Manasvi, an astrophysicist at the Florida Institute of Technology, led the study. A prolific theorist with an extraordinary command of topics as disparate as cellular signaling and stellar evolution, I always really enjoy working with him. One of the most important skills a talented scientist must possess is the ability to pick the right problem: Of all the questions you could ask about a certain topic, which ones can you actually answer? In thinking about information and the biosphere, Manasvi saw a way to nail down one particular aspect of the problem: transmission. What, he asked, is the sum total of information that is moved from one place to the other by life on Earth? Getting such a number seems like a pretty tall order. So how did he do it? The answer was to focus on cells.

Measuring the flow of information

To make his estimate, Manasvi first calculated the total number of prokaryotic cells in the biosphere. Numbers like these are actually not that hard to come by since the mass of living matter on Earth in all its different forms (including microbes) has been determined in many different ways. It then becomes a matter of dividing that mass into cells, giving a total number of prokaryotic cells as about 1029 or 100,000 trillion trillion (yikes!). 

Since cells communicate by emitting chemicals, the next step was to estimate how many partners a given cell can communicate with. Manasvi estimated this as six by thinking in terms of nearest neighbors. Finally, based on experiments, it appears that the information transfer rate between cells is 10-4 bits per second. Putting it all together, including how often a given cell chooses to send a signal, Manasvi found a global information transmission rate of 1024 bits/s for the modern biosphere.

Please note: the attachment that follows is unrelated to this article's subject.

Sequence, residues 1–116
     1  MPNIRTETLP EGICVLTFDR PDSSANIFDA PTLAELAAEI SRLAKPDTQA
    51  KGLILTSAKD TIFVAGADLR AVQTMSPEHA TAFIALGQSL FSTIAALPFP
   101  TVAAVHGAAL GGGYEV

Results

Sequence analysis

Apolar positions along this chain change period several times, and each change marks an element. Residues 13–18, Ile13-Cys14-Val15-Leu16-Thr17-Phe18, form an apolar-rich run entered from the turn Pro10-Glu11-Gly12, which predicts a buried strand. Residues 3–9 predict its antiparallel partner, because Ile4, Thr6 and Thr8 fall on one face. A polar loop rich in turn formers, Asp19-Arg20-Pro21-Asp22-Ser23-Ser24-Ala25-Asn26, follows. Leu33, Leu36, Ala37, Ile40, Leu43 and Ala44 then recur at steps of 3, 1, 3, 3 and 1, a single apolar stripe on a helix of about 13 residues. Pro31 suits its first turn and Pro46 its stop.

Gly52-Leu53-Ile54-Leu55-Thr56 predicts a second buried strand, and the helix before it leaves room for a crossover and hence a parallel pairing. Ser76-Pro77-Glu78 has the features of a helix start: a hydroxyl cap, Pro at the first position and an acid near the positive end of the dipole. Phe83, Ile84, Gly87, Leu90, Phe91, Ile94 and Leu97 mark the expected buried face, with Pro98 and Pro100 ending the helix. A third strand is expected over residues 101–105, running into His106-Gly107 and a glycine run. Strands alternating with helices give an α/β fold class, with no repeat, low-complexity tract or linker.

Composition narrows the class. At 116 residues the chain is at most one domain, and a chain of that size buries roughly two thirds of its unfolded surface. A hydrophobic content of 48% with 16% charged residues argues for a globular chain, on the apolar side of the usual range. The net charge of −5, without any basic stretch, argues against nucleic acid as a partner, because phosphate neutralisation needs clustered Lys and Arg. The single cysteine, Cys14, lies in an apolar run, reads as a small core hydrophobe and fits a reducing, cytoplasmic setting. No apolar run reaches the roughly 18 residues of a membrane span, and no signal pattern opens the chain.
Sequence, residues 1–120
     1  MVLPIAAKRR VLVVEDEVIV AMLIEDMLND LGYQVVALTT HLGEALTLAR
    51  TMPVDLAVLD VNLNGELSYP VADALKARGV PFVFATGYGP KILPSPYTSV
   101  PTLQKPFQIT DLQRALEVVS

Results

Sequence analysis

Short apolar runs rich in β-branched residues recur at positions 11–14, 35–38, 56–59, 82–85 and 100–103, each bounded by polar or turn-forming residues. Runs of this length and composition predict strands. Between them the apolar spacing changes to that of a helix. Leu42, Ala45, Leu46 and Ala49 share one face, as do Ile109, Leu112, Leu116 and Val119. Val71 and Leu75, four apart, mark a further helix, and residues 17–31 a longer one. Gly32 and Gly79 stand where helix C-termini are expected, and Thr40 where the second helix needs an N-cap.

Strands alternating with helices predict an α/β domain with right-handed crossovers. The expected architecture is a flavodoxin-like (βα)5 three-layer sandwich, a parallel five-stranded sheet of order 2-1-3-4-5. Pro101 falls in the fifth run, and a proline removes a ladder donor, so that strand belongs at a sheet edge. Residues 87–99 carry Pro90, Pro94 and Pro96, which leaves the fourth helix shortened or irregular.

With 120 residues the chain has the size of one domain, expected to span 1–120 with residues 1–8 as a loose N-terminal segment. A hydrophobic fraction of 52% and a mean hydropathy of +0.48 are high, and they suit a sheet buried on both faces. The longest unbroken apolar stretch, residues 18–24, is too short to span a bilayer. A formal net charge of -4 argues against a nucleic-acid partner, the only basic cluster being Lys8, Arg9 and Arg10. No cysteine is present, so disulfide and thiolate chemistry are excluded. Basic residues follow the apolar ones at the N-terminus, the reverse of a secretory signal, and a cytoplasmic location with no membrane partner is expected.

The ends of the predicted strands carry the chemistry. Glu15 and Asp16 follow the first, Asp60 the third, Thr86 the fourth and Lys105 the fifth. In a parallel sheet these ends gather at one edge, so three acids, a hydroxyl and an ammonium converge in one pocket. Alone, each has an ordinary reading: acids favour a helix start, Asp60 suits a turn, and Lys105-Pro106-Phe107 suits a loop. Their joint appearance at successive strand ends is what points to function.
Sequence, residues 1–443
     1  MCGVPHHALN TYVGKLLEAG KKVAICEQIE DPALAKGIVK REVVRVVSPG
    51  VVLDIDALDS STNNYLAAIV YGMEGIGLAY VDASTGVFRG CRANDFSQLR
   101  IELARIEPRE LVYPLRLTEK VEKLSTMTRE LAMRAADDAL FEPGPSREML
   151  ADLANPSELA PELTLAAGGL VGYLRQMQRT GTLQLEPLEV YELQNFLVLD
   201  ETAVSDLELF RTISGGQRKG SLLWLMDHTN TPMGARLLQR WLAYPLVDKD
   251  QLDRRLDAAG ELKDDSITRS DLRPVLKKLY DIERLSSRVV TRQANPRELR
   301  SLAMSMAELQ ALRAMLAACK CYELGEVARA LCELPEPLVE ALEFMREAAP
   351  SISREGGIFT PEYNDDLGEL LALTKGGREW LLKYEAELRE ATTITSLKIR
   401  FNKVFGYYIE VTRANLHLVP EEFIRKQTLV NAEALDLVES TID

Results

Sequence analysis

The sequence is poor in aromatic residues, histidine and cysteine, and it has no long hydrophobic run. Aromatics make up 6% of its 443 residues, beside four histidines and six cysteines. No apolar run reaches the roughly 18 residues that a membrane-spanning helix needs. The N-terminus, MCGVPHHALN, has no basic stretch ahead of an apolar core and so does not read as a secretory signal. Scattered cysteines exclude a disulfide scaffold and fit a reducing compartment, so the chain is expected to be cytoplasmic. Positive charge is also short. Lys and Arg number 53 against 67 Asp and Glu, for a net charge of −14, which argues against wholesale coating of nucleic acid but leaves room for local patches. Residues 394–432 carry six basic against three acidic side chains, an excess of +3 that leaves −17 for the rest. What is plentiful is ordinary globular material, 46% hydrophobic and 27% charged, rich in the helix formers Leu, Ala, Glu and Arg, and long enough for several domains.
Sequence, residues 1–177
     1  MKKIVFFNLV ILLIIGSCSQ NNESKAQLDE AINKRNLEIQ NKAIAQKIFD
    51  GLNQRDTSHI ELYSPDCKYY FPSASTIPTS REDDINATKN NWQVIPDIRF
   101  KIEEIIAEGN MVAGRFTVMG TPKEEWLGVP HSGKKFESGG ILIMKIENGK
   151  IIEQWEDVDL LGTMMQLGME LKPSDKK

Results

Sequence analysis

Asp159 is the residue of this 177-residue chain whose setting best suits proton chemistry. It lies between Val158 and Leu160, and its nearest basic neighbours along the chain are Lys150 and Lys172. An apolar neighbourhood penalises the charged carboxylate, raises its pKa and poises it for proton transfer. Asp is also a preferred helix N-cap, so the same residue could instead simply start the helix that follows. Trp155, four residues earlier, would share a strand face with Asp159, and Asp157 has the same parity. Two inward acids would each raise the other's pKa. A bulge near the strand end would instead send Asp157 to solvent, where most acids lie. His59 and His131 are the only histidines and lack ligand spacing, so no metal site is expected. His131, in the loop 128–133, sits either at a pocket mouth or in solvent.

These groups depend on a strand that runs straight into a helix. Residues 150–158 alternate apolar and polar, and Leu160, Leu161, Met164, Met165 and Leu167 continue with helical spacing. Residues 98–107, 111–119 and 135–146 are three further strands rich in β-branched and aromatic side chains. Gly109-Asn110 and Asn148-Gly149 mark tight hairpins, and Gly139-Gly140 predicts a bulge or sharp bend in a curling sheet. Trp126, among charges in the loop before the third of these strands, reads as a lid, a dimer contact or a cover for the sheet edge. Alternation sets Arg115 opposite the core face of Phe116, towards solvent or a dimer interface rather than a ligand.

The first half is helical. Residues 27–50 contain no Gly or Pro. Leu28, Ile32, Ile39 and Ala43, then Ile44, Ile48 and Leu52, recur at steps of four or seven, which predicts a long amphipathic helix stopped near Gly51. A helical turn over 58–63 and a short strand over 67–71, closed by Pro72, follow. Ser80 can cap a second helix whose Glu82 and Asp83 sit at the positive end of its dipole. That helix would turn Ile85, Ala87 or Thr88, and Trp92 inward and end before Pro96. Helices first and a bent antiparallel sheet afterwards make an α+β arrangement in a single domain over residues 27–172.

That’s a wonderful number to know by itself because it shows there is a spectacular amount of information being passed around in the biosphere. But to make sense of it, we need something to compare it with. That’s where things got interesting. 

The technosphere

Manasvi carried out similar estimates for the global information transfer rate for the whole technosphere. The technosphere is the machine equivalent of the biosphere: the sum total of technology that humans have deployed around the globe. Given that we live in the digital age, it’s also possible to calculate how much information the technosphere moves around per second. Estimating that number via internet traffic yields a global transmission rate of 1014 bits per second. This is more than a billion times less information per second than the biosphere. So, for now, the biosphere is moving much more information than human technology.

For now is the key term here. It turns out that the rapid expansion of digital technology puts us on a path where the technosphere will outpace the biosphere in terms of information transfer by the beginning of the 22nd century (the exact date Manasvi found was 2113).

So, by 2113 the human-built technosphere will move more bits than the biosphere (from which humans emerged). What will that mean? What will crossing that threshold signal for the evolution of our species and the evolution of the planet? That is a great question which I don’t have an answer for yet. But, just as important, we could not even formulate that question if we hadn’t taken this global view of information and life. That’s the power of a new perspective.


Up Next